Author Topic: Strasburg 2022  (Read 4316 times)

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Offline Slateman

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Re: Strasburg 2022
« Reply #250: July 23, 2022, 01:40:10 PM »
Would you do that in his position? Honest answer please. I think many of us might say we would but would continue to get the pay.
I cant fathom having 140 million dollars. But also. He gets to keep the money one way or another.

Offline Natsinpwc

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Re: Strasburg 2022
« Reply #251: July 23, 2022, 01:47:34 PM »
I cant fathom having 140 million dollars. But also. He gets to keep the money one way or another.
So what’s the advantage to having him retire then? Not his fault the league doesn’t have some long term salary relief in these cases like the NHL.

I’m mad at the Lerners for the contract. Not the player.

Offline Natsinpwc

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Re: Strasburg 2022
« Reply #252: July 23, 2022, 02:07:13 PM »
In reading back through this thread I am somewhat confused. Seems to me if he just retires that does break the contract and he will not be paid. Instead he has to do like Ellsbury and maybe some others and keep trying to rehab.  Or am I missing something?

Offline Slateman

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Re: Strasburg 2022
« Reply #253: July 23, 2022, 02:07:15 PM »
So what’s the advantage to having him retire then? Not his fault the league doesn’t have some long term salary relief in these cases like the NHL.

I’m mad at the Lerners for the contract. Not the player.
I assume that working out payment deferment helps out cash flow over the next five years.

Also, I would think that if a player retires due to a medical issue, it doesnt count against the luxury tax.

Im not mad at Stras, but at some point, even he has to acknowledge that holding a roster spot for him to rehab 4 months, make a start, and go back to the IL is not feasible for the next five years.

Offline Natsinpwc

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Re: Strasburg 2022
« Reply #254: July 23, 2022, 02:28:23 PM »
What I am confused about is whether or not he gets paid if he just retires? Someone made the statement that he gets paid unless he up and retires in his own. True? What would the doctors have to conclude to have a forced medical retirement? Have there been any of those?  At this point I think he has to keep trying to rehab to get paid.

Offline Natsinpwc

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Re: Strasburg 2022
« Reply #255: July 23, 2022, 02:32:47 PM »
In reading this Fielder “retired” but stayed on the roster. Doctors would not clear him to play. The Rangers had insurance on the contract though. I think if they got insurance the Nats could have also. 

https://syndication.bleacherreport.com/2656726-prince-fielder-reportedly-to-retire-latest-comments-and-reaction.amp.html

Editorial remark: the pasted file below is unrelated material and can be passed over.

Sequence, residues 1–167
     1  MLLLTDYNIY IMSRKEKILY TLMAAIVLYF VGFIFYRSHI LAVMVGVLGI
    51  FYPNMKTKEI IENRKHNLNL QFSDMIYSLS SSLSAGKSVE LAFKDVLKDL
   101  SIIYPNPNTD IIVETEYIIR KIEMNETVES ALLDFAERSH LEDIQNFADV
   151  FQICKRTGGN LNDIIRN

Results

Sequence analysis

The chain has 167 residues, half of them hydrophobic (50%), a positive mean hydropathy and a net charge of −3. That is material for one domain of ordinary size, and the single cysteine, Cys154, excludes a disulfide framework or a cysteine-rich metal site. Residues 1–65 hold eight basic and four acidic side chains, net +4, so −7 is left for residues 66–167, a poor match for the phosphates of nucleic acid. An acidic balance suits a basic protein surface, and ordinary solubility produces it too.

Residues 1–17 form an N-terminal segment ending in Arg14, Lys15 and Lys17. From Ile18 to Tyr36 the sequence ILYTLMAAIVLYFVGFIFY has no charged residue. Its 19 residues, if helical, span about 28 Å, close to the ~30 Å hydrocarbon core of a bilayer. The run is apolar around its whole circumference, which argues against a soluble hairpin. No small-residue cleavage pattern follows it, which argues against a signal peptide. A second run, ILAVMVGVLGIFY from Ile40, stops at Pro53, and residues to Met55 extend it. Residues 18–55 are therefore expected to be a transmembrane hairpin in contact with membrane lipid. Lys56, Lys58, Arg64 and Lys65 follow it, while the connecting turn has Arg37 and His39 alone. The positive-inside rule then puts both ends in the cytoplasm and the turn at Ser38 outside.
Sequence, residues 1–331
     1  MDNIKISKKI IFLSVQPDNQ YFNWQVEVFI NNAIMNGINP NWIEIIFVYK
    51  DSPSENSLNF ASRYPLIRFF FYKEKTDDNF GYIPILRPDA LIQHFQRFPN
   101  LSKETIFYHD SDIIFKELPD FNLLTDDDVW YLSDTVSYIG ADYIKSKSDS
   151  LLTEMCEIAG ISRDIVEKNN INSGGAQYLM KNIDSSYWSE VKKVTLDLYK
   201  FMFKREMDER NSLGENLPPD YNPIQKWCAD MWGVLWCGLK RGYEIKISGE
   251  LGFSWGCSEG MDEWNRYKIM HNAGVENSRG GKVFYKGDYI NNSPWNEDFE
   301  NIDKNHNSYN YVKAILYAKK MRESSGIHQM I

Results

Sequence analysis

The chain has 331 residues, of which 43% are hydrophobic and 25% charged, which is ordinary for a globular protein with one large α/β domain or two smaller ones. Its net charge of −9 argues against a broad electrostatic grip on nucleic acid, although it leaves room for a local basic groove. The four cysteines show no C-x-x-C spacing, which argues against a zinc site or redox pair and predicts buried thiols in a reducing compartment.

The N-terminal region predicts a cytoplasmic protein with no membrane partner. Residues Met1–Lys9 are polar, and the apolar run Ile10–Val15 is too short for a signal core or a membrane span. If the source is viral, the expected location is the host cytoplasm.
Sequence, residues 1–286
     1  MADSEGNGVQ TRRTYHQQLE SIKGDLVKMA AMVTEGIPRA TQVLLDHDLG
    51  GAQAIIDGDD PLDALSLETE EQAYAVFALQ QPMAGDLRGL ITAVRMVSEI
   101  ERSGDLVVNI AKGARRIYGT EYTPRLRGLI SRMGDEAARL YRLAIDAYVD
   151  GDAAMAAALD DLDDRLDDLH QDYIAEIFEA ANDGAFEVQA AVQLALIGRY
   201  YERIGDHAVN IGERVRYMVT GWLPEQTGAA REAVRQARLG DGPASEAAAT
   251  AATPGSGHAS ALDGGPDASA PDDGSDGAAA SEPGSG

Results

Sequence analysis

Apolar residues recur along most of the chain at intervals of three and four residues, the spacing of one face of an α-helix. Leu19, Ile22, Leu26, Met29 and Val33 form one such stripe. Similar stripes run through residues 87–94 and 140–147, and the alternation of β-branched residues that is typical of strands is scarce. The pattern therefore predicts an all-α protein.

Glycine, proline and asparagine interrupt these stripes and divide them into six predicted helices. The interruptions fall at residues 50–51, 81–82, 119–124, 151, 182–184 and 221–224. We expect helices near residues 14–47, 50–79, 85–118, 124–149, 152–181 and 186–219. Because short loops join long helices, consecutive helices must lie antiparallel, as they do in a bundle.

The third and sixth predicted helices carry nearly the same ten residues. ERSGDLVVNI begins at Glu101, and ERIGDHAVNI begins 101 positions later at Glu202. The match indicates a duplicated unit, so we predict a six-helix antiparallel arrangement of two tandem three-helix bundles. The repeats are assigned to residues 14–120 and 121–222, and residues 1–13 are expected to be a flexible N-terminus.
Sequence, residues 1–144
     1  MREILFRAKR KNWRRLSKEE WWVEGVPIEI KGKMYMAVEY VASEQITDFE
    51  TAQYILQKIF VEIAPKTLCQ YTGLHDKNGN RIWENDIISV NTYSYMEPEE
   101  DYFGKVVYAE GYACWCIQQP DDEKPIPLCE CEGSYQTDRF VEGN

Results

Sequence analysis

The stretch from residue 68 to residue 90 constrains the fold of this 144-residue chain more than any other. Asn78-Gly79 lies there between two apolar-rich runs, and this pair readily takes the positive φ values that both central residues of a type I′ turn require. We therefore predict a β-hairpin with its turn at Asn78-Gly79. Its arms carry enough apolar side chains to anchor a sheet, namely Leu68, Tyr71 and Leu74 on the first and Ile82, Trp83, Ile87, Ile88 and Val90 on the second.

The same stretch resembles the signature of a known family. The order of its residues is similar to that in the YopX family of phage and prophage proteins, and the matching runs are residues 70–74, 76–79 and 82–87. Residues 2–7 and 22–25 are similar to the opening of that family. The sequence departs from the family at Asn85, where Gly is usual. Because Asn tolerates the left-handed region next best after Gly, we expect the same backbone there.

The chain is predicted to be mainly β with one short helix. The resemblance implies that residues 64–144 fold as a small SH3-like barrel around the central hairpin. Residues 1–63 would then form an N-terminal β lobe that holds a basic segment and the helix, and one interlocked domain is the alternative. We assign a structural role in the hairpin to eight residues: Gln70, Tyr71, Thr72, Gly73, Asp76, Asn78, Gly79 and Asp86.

Edit. The article does not say that but since he remained on the 40 man roster I will assume his annual AAV counted against the luxury tax. So in the end I don’t think there is any reason to assume he will just up and retire and forego money.

Offline Slateman

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Re: Strasburg 2022
« Reply #256: July 23, 2022, 02:41:28 PM »
Theres no way the Lerners insured that contract. They were probably thinking about selling the team five minutes Game 7 ended

Online HalfSmokes

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Re: Strasburg 2022
« Reply #257: July 23, 2022, 03:30:10 PM »
In reading this Fielder “retired” but stayed on the roster. Doctors would not clear him to play. The Rangers had insurance on the contract though. I think if they got insurance the Nats could have also. 

https://syndication.bleacherreport.com/2656726-prince-fielder-reportedly-to-retire-latest-comments-and-reaction.amp.html

It’s been years since I heard this, but I think insurance on a pitchers contract is so expensive that teams don’t do it

Offline The Chief

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Re: Strasburg 2022
« Reply #258: July 29, 2022, 10:13:38 AM »
I don't hold any ill will towards him - quite the opposite in fact - but Stras is probably the single Nat that most embodies what this team has been.  Sky high potential, flashes of brilliance, and one really big high scattered amongst years of injury and disappointment.  Throw in the bad contract and you've got peak Nationals™.

Offline Slateman

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Re: Strasburg 2022
« Reply #259: August 03, 2022, 03:28:48 PM »

Online HalfSmokes

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Re: Strasburg 2022
« Reply #260: August 03, 2022, 03:34:42 PM »
This season is really bringing home how special that run was. For a team built on stars passing though (due to unwillingness to sign or health) that has an inability to develop any talent, everything coming together like it did was a miracle

Offline mimontero88

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Re: Strasburg 2022
« Reply #261: August 03, 2022, 03:54:48 PM »